Why the UK and America should be coming together for LGBT now more than ever.

07/27/2017 02:23 pm ET

Today should have been a day of celebration, and yet it’s become one of pain, anger and about 10 steps backwards. 50 years ago to the day the Sexual Offences Act (SOA) was passed in England and Wales which saw the legalisation of same sex over the age of 21, and how do we get to celebrate this momentous anniversary? With the news that President Trump banned any Transgender involvement within the Military, and no mention of cake at all.

Even as a straight UK citizen I was disgusted and appalled at this notion. Transgender people already have an incredibly difficult time feeling accepted within the society, we should be making them feel welcome and included, not pushing them to the sides and branding them all in one box. It’s like saying all Ginger people aren’t allowed to become Doctors- its ridiculous, unwanted and outdated.

Of course the discussion has been a main focal point on all forms of social media and within the office today. With the majority of people standing together, raising their voices and doing their ultimate best to make their transgender friends both here and across the pond feel loved and supported. The best quote I came across which hit home ridiculously hard and prompted this post was that “You don’t have to be transgender to support trans rights”. I believe, hands down that it is our job to stand up, ready to fight and show not only America but transgender people across the world that we are standing proudly alongside them, and this behaviour should never be allowed in this day and age.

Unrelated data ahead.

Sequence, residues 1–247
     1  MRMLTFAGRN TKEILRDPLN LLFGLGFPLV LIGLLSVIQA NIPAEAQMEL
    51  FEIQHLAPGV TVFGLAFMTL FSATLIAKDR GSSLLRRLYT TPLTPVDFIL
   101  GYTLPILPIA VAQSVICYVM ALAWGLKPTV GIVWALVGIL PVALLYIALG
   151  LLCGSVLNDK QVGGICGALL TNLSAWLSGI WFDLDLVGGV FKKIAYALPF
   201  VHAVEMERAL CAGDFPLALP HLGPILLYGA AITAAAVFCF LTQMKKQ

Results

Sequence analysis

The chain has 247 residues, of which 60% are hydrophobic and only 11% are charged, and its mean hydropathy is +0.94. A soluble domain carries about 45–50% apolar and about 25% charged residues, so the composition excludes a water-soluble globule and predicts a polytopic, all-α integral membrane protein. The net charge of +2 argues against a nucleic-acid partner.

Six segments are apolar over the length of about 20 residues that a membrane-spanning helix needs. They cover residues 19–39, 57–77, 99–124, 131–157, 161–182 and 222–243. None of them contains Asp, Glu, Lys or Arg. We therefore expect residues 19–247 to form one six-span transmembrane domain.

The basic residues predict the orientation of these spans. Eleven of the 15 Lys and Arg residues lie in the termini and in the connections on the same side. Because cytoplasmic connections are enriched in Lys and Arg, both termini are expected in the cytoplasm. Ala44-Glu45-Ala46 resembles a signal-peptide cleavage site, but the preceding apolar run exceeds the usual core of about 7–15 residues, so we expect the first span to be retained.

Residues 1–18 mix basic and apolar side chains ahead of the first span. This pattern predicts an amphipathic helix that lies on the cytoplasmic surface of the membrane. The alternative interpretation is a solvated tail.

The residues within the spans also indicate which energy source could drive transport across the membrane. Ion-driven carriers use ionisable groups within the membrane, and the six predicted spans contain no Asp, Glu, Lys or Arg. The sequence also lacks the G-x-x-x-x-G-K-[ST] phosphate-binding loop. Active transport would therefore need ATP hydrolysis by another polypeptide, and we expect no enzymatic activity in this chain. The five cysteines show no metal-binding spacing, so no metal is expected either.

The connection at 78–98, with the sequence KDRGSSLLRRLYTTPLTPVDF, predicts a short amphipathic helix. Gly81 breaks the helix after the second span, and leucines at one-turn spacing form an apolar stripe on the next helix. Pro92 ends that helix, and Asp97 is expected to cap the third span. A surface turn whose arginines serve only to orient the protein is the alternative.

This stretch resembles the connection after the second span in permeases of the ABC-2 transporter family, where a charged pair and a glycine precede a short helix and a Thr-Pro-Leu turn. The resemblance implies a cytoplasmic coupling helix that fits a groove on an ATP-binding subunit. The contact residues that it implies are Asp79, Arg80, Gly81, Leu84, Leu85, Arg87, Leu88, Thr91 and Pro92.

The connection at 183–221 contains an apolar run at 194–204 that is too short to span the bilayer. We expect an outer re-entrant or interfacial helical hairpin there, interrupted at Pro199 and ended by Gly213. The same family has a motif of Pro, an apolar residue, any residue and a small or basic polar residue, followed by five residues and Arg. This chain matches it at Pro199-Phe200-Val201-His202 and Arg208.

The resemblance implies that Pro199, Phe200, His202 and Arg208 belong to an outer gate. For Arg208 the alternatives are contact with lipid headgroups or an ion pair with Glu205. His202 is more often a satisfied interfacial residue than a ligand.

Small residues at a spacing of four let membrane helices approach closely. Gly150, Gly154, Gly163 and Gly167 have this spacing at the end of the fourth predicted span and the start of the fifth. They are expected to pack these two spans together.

And it’s not just the UK people who feel this way- Tineka Smith: Founder of HueTribe (an LGBT and Multiracial Greetings Card Company) and Former UN Communications Consultant had this to say when I spoke to her earlier: "The news of the transgender military ban in the U.S. is absolutely disheartening, not just for the LGBTQ community, but for everyone who believes in diversity and equal rights for all sexualities and genders. This is discrimination and it is astonishing that this is still able to happen in today's society. It is a tense and astonishing time for the U.S. and it's important that we continue to stand up to end discrimination for those whose rights are being taken away and belittled. We should be looking to our governments to promote equality for all - not taking it away.”

She continued to say: "17 years ago, Britain ended its ban on gays and lesbians serving in the military - sadly, the U.S. only did this 6 years ago. This week also marks the 50th anniversary of Britain recognising gay rights - perhaps the Trump administration should take a lesson from our cousins across the pond and work to stamp out discrimination based on someone's gender identity or sexuality."

Just take one look at the entire LGBT community and watch them stand together: bigger, brighter and more colourful than ever before. They will not be broken. We will not be broken.

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